When Singapore high school students Marion Pang Wan Rion, Joy Ang Jing Zhi, and Sonia Arumuganainar decided they wanted to experiment with the “next big thing” in electronics, they chose graphene-based supercapacitors. The three wanted to come up with a design for a supercapacitor that would be lighter and more flexible than current ones, like those used to collect energy from regenerative braking in electric cars.
A team of high school students from Singapore designed a supercapacitor that could be painted onto the metal surfaces of an electric vehicle. Photo: Tekla Perry
Their approach—and one that earned them a place among 16 finalist teams in Google’s international science fair this year—was to develop a graphene paint that would adhere to any surface and still be stable and flexible. Paint frees the supercapacitor from the bulk of current models that must somehow fit into a car body. This supercapacitor can just be painted on the car body, explained 18-year-old Zhi.
In their early attempts, the graphene flaked off, Zhi told me during Google’s showcase for the international finalists, held Tuesday. Then, she said, they found the perfect additive—basic white school glue.
In the future, says Zhi, these flexible supercapacitors could be part of the band of a smart watch or used for biological implants.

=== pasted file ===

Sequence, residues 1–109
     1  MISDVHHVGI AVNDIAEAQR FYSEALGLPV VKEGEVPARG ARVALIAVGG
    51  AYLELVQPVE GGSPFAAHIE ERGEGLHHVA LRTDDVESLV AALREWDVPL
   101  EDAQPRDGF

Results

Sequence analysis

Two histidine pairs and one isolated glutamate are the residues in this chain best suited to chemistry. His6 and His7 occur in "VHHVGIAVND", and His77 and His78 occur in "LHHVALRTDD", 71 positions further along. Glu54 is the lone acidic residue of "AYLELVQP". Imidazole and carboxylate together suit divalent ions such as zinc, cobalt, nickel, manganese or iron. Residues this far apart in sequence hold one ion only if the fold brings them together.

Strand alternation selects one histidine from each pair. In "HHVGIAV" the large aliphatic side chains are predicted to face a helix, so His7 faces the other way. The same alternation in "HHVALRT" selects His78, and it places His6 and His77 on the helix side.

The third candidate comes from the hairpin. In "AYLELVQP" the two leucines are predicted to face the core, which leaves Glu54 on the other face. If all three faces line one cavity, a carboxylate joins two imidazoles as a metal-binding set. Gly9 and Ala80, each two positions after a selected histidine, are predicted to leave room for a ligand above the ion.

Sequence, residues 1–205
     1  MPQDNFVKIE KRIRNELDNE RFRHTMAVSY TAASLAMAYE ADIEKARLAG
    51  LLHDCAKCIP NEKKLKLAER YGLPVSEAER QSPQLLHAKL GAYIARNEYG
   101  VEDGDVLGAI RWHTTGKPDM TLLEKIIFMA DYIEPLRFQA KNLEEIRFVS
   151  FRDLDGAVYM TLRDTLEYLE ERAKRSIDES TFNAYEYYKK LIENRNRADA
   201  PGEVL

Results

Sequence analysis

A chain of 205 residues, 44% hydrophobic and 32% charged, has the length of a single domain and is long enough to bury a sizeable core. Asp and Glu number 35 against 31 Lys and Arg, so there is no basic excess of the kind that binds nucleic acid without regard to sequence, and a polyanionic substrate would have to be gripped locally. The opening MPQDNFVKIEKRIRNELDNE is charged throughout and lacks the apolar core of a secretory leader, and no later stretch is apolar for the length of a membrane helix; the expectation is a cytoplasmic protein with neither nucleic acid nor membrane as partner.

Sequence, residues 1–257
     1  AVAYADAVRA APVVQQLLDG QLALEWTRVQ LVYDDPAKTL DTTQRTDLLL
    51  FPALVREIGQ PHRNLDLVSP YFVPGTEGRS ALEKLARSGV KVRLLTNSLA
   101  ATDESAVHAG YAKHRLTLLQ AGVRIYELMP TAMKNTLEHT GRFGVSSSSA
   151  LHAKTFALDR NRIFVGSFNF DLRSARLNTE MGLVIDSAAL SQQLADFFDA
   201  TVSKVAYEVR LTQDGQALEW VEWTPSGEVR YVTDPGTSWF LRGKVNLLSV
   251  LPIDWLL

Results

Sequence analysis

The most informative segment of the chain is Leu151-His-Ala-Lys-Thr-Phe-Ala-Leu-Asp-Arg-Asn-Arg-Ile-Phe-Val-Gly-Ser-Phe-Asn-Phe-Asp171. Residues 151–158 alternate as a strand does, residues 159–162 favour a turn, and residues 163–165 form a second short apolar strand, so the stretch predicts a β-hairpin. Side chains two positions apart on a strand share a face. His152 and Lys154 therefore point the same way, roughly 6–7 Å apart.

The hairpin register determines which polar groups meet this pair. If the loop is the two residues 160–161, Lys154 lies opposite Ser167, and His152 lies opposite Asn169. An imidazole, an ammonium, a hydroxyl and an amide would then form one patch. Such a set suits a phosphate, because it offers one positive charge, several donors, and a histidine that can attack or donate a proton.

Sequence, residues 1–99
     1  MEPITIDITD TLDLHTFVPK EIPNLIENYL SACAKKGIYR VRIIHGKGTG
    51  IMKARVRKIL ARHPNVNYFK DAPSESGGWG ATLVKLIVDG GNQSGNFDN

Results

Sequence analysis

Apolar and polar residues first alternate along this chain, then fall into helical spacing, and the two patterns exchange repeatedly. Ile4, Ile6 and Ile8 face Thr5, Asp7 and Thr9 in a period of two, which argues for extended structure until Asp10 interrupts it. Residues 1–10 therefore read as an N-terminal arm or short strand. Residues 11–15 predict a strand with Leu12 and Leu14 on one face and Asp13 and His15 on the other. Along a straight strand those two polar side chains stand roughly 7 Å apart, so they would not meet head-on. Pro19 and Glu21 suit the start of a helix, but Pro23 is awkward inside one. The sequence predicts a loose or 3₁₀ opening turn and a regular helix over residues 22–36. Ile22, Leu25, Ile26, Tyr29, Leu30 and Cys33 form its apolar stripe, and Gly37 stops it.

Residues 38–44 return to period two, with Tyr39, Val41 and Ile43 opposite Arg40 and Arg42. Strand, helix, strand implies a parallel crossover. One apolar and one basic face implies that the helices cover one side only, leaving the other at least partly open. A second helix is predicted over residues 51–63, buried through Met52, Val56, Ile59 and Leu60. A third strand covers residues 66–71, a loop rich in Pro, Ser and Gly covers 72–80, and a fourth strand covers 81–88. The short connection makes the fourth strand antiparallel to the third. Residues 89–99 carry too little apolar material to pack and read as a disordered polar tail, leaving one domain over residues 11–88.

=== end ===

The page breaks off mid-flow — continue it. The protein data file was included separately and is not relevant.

Meanwhile, Anushka Naiknaware from Portland, Ore. was also looking to build light and flexible electronics. The 13-year-old wanted to create a sensor to monitor the moisture around a wound while avoiding bandage changes, which slow healing. She filled an inkjet cartridge with conductive ink to print her sensors on bandages, and developed a wearable monitor, intended to strap on a patient’s wrist, to collect data from the sensors. Naiknaware was awarded the Lego Education Builder Award, one of two prizes given for the best solutions to difficult engineering challenges at the event.
More on these projects, as well as the grand prize and other winners, here.
Tekla S. Perry is a senior editor at IEEE Spectrum. Based in Palo Alto, Calif., she's been covering the people, companies, and technology that make Silicon Valley a special place for more than 30 years. An IEEE member, she holds a bachelor's degree in journalism from Michigan State University.